LymphActivist's Site

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Opinion on California AB-1000 Physical Therapists: Direct Access to Services Bill

In my opinion as a lymphedema patient advocate, a California resident and author of a California bill for the treatment of lymphedema patients according to current treatment protocols, this bill is a disaster for the 200,000 lymphedema patients in California, the majority of whom are cancer survivors. The bill runs counter to the current drive towards "patient-centered medicine".

Briefly I contend that:

  1. The accepted protocol for treatment of lymphedema, "complex decongestive therapy" includes manual lymph drainage, compression bandaging, garment fitting, decongestive exercises and home self-treatment protocols are not part of a PT curriculum and are not tested for in the licensing process;
  2. Any licensed PT or OT in California, trained & certified OR NOT in the specialized lymphedema treatment protocols can legally treat a lymphedema patient;
  3. Self-referred treatment of self-diagnosed lymphedema is dangerous absent a physician's determination that certain co-morbidities do not exist. This is the main reason for requiring a physician referral for treatment of lymphedema.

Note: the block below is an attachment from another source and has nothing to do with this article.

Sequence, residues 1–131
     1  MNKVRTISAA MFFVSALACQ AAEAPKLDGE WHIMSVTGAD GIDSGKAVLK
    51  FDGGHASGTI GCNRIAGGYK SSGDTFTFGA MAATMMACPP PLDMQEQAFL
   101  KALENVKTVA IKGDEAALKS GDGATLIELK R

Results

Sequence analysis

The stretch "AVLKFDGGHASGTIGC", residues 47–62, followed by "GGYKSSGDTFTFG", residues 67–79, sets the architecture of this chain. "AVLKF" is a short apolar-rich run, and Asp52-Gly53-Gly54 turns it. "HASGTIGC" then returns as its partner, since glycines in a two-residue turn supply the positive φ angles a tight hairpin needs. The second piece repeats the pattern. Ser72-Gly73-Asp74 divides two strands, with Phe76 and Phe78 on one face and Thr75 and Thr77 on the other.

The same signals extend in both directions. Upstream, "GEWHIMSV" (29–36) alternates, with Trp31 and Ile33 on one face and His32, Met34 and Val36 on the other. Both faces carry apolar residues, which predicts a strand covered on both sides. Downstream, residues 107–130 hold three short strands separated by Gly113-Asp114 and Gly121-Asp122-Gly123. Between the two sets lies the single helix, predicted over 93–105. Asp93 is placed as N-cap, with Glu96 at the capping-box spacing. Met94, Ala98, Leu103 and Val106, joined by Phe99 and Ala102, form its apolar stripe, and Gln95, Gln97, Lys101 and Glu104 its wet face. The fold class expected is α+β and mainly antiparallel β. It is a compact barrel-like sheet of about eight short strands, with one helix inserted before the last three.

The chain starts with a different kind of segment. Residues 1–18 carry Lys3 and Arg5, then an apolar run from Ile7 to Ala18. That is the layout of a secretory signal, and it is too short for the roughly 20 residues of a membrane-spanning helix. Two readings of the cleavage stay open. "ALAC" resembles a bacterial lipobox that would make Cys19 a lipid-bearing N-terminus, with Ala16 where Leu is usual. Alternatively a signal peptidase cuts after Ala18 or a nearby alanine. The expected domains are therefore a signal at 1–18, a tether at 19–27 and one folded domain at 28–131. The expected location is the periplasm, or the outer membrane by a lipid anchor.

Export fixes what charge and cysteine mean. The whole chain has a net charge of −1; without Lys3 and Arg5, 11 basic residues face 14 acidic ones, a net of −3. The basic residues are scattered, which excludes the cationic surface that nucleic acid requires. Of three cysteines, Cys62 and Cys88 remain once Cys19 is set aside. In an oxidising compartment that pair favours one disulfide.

On May 25, 2005 I received the following statement from the Physical Therapy Board of California after I pursued this same issue with that Board: "While it may be that treatment of lymphodema [sic] patients by massage/Manual Lymph Drainage is within the scope of practice of a physical therapist, it is considered unprofessional conduct if the physical therapist has not been adequately trained and is not proficient in the treatment."

AB-1000 offers no lymphedema patient protection. There is no cause for disciplining a PT who may not be qualified to treat a lymphedema patient because of lack of adequate training, demonstration or certification. There is no standard for measuring effectiveness of treatment (current measures of therapy outcome utilize functional disability measures, and are insensitive to lymphedema severity--which is the condition being treated). There is, in fact, no law that limits ineffective treatment by under-trained therapists, and the removal of the physician from the treatment loop and offering self-access for the lymphedema patient compounds the disaster.